By Catie Santos
Sign in to social media on any Monday morning, and you’re likely to see a new hashtag that has been catching like wildfire: #ManBunMonday. This stereotypically feminine hairstyle, the bun, has found new life and popularity lately with a surprising demographic – guys.
So why, exactly, is the man bun so popular now?
After all, the bun hairstyle is nothing new and has been around for decades. Celebrities can be thanked for the recent emergence of the bun into popular culture. In the past year, Bradley Cooper, Jared Leto, Chris Hemsworth, David Beckham, and Leonardo DiCaprio have sported the hairstyles everywhere from the red carpet to vacations at the beach, bringing the man bun into the spotlight. Perhaps most influentially of all, the wildly popular member of One Direction, Harry Styles, started sporting the hairdo.
“I didn’t know the man bun was cool until I moved to L.A. I considered it the male version of a ‘white girl bun’ minus the leggings, Uggs, Starbucks, and female genitalia. Here, people are obsessed with it. It’s a thing. My laziness is seen as trendy. God bless West Coast hipsters.”
Jenny Moore, an elementary education major, can pinpoint the exact moment she fell in love with man buns. “I didn’t realize I had a thing for man buns until I took my sister to see the One Direction concert and saw Harry Styles walk out in a man bun,” said Moore, 21.
College-aged women everywhere had similar sentiments concerning the man bun. Tory Newchurch, an interdisciplinary studies major, is a fan of the man bun. “I think I like the hairstyle because it shows me that they don’t care whether people think it’s ‘feminine’ or not,” said Newchurch, 21. “They are secure in who they are and don’t need others to tell them otherwise.”
When asked which celebrity wore the bun best, Newchurch quickly answered with Harry Styles, adding the comment that “the man knows how to work it better than I can work a bun of my own.”
LSU student and active member of Greek life Ceallaigh Montgomery believes that the rise of the man bun trend on campus is directly related to the colder weather.
“Instead of the preppiness usually preferred by LSU Greek women, we want something a little more rugged-looking to keep us warm,” said Montgomery, 20, who hasn’t always been a fan of the hair style. “I personally am a man bun convert. I was skeptical until I saw the perfect man bun at practice the other day – they really are the perfect addition to the wintery styles we already love.”
To get further to the root of the man bun situation, I decided to interview three different guys who proudly sported the style.
Tulane University student Colin Burns, a business management major, told me of the origin of his man bun. This past summer, he was hanging out with a group of friends who were admiring his long hair. “This quickly escalated to playing with my hair, and not long after, somebody put it into a bun,” said Burns, 21, “And so the man bun was born! I decided to sport it that Friday night and picked up a girl faster than you can say, ‘Do you have an extra hair tie?’”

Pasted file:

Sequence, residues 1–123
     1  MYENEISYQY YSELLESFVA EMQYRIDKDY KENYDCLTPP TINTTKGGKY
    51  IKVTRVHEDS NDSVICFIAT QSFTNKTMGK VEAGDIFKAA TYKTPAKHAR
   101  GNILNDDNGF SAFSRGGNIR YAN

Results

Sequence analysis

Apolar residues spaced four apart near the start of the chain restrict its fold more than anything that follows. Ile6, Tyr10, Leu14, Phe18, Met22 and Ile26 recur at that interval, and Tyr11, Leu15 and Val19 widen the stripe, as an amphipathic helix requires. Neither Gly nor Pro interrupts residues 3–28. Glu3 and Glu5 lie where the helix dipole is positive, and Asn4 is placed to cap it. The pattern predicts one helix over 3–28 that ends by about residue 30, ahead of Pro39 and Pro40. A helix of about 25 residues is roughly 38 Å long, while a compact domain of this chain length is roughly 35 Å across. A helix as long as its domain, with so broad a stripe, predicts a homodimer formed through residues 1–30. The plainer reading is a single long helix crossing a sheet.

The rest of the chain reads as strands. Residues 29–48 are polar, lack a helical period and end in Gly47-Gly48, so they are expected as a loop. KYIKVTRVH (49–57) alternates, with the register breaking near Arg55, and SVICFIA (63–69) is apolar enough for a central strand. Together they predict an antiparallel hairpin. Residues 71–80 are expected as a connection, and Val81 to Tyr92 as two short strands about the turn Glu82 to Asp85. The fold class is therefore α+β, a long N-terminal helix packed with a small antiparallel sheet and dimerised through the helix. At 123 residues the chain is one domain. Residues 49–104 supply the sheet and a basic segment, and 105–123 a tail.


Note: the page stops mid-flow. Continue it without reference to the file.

Soon, the bun became a part of Burns’ every-day style. “When you have long hair, a bun is just so damn practical – especially in the New Orleans heat,” Burns explained, “It’s an added perk that they’re in style, too.” The bun style is practical and perfect for Louisiana residents who are looking to beat the heat without sacrificing their locks, and to look good while doing so. When asked to give tips to others looking to form the perfect man bun, Burns answered that “the trick to a good man bun is that there’s no trick at all. The less effort, the better the bun.”
The man bun is not a new idea for Los Angeles based recording artist, Rilan, who grew up in New Orleans. “I started wearing a bun a few years ago during dance classes,” said Rilan, 19. “I started to grow out my hair, and it was getting out of control when I moved. Hence the bun.” For Rilan, the man bun was a simple solution to a problem, nothing more. “I didn’t know the man bun was cool until I moved to L.A. I considered it the male version of a ‘white girl bun’ minus the leggings, Uggs, Starbucks, and female genitalia,” he explained. “Here, people are obsessed with it. It’s a thing. My laziness is seen as trendy. God bless West Coast hipsters.”
The hairstyle is both effortless and stylish, which is a factor into its recent popularity. Rilan has dealt with a few downsides to his man bun as well. “I have been mistaken for a girl a few times, and when I hardcore shave the sides of my head I tend to look like Pepper the Pinhead from American Horror Story.”
Ian Miller, another New Orleans native and LSU graduate, also started wearing a man bun out of practicality. Miller is a mobile and web application developer and also an avid runner. “I decided to start growing my hair out. I’d always hear people criticize a man’s ponytail. But it got to the point where I needed to put it up for running,” said Miller, 24. “So I tied it up and took the remainder of the pony and tied it again the most efficient way I thought doable.” Miller says he receives lots of positive comments about his man bun, and he enjoys having fun with his hair. “I like pretending I’m a samurai when I put the bun higher up on my head,” he added.
Miller’s younger sister, Brooke, 21, has a love-hate relationship with her brother’s hair. “I hated his long hair at first but now I like it a lot,” said Miller, a criminology student at LSU. “It makes me kind of mad that his hair looks better than mine.”
Whether you like it or not, the man bun is one trend that may have found a permanent home in the hearts of people across the country. Effortless, easy, and ruggedly sexy, the man bun is here to stay.